Race 1

Peter Warren withdrew when a cracked oil cooler was discovered in the dummy grid, and that left 13 cars to roll out for the 14-lap first race in 30+ temperatures on Saturday afternoon. 

When the lights went out Gotch led the field away, but on the other side of the grid Muddle stalled, causing some disruption to the cars behind.  Wlodek made the most of this and was able to jump into second, with McClintock, Katsidis, Bennet, Palmer and Lynch following in the race to the first corner.

Gotch quickly got down to 58 second laps and then into the 57’s, opening a gap on Wlodek and McClintock, who stayed engaged a close encounter for 8 laps, the two cars never more than a second apart until McClintock found a way through at Turn 10. 

Katsidis was desperately trying to hold onto this tussle, but by lap 5 had his mirrors full of Muddle, who had worked back through the field from 8th at the end of lap 1 to 5th on lap 3. Katsidis defended his position successfully, although Muddle was briefly through under brakes at the ‘Fish-hook’ on lap 7, but ran wide on the exit, returning the place.

A great dice was going on behind these cars with Bennet Palmer and Lynch separated by less than 2 seconds through to the 6th lap.  Lynch however was starting to experience brake issues, and on lap 7 he speared straight off at the end of the main straight, rears locked and fronts doing nothing, heading off towards the tyre barrier. Fortunately the gravel trap pulled him up a metre or so short.

Eventually this brought out the safety car and, not for the last time on the weekend, mayhem ensued.  There are three fundamental problems with safety cars:  deployment, restarts, and everything that happens in between. Other than that they might work well, but not this weekend.

2

Gringo and Ron searching for the ‘Go Faster’ button before Race 1.

Getting it out involves signalling to drivers that a safety car has been deployed, but unfortunately not all drivers saw the signal, Ron Bennet dropping from 6th to 8th on the road as a result.  Laps 9 to 12 were conducted under ‘safety car conditions’ which involved toddling around at what’s supposed to be 80 kmh but resembled Driving Miss Daisy through a School Zone.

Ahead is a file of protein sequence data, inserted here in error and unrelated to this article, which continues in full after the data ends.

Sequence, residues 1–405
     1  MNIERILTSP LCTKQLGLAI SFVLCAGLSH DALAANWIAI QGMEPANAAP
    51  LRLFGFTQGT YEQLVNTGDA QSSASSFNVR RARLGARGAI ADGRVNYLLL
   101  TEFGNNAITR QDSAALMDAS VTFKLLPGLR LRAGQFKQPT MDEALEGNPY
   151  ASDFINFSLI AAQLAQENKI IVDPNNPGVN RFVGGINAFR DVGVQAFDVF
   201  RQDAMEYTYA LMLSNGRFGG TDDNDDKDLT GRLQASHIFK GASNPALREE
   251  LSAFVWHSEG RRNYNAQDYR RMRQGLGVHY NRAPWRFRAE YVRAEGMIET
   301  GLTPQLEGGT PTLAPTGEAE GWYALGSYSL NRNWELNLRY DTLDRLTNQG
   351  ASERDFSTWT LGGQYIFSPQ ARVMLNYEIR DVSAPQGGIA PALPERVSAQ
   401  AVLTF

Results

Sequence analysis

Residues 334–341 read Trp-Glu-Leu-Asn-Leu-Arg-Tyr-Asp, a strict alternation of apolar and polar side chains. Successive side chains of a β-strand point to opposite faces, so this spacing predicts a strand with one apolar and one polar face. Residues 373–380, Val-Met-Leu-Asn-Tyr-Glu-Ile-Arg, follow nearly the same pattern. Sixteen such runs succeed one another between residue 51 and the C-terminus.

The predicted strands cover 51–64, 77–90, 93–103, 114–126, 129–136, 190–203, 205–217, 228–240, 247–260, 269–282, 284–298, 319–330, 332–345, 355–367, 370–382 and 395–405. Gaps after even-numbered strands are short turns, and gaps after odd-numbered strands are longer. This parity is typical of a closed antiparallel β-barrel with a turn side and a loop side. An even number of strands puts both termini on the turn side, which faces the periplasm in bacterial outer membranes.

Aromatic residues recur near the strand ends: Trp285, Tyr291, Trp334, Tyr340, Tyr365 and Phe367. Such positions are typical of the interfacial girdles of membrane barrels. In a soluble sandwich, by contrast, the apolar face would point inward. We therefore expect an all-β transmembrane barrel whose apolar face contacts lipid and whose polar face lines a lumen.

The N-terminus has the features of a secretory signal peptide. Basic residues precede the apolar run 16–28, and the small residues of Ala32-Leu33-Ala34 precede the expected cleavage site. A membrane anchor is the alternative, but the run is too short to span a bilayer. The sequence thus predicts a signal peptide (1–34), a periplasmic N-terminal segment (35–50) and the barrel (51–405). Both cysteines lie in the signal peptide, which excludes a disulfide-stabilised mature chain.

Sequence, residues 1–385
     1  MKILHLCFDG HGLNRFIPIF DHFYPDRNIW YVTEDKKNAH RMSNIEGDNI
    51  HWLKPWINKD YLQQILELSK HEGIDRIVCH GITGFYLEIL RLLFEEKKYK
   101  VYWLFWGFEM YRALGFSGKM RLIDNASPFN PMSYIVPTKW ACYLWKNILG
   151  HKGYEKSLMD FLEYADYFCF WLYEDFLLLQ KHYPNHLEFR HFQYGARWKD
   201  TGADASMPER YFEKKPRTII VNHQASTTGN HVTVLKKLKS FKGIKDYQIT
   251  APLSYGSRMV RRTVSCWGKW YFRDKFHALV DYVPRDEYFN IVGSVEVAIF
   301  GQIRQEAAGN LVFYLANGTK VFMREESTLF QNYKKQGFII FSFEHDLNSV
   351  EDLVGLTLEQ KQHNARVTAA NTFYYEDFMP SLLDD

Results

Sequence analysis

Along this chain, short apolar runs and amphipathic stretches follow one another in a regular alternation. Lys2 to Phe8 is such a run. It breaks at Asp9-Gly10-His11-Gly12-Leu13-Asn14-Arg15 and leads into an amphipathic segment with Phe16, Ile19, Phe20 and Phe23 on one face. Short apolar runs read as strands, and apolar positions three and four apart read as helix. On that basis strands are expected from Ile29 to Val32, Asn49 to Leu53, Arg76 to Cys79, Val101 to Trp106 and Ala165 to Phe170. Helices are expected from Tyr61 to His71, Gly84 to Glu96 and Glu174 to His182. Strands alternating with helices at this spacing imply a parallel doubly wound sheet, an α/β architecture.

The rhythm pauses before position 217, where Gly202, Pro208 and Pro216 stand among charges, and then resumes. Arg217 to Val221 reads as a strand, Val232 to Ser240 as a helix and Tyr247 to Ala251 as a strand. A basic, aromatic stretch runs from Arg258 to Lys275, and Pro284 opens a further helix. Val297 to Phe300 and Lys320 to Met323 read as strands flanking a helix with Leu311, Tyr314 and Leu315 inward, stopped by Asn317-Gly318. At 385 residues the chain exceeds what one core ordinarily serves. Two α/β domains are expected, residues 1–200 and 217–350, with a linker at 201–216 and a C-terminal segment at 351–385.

Then when racing was re-started on lap 13 there was the problem of 4 cars all eager to contest 2nd place but stuck behind lapped traffic, and that lapped traffic. The lapped cars were quite quick in a straight line and involved in their own argument for place, which made for an interesting time:  McClintock struggled to find a way through to no avail; Katsidis lost a front wing plate in contact at Turn 1; at both Turn 2 and the ‘Fish-hook’ there were cars all over the place; and when an opportunity arose at Turn 10 McClintock got boxed out on the left and Wlodek, Katsidis and Muddle all made their way through.

In the battle behind, Morrow relinquished his place (to no avail, there is no recognition of ‘redressing’ and he still copped a 30 second penalty), while both Bennet and McAlpine bot managed to pass Palmer on the final lap.

Gotch was able to open a sizeable lead with the free-for-all going on behind, and he managed to win comfortably by 16 seconds from Wlodek.  Muddle made a deep dive in the Turn 10 braking area to steal 3rd from Katsidis, with McClintock, Bennet, McAlpine, close behind and Palmer and Morrow trailing. Coath had been slow away from the line but had caught Sviderskas by mid-race, only to lose 10th spot to him on the final lap.

 

Race 2

When the cars rolled out on Sunday morning it was “déjà vu all over again” – sunny and clear, hot track, Gotch eager to clear off and leave everyone else fighting over the minor placed.  12 cars rolled out for the 12 lap race, Peter Warren’s March unable to be repaired and Glenn Lynch running his ‘back-up car’ the newly painted gold Dallara F398.  McAlpine was a late arrival as he had to be tow-started due to a starter motor failure.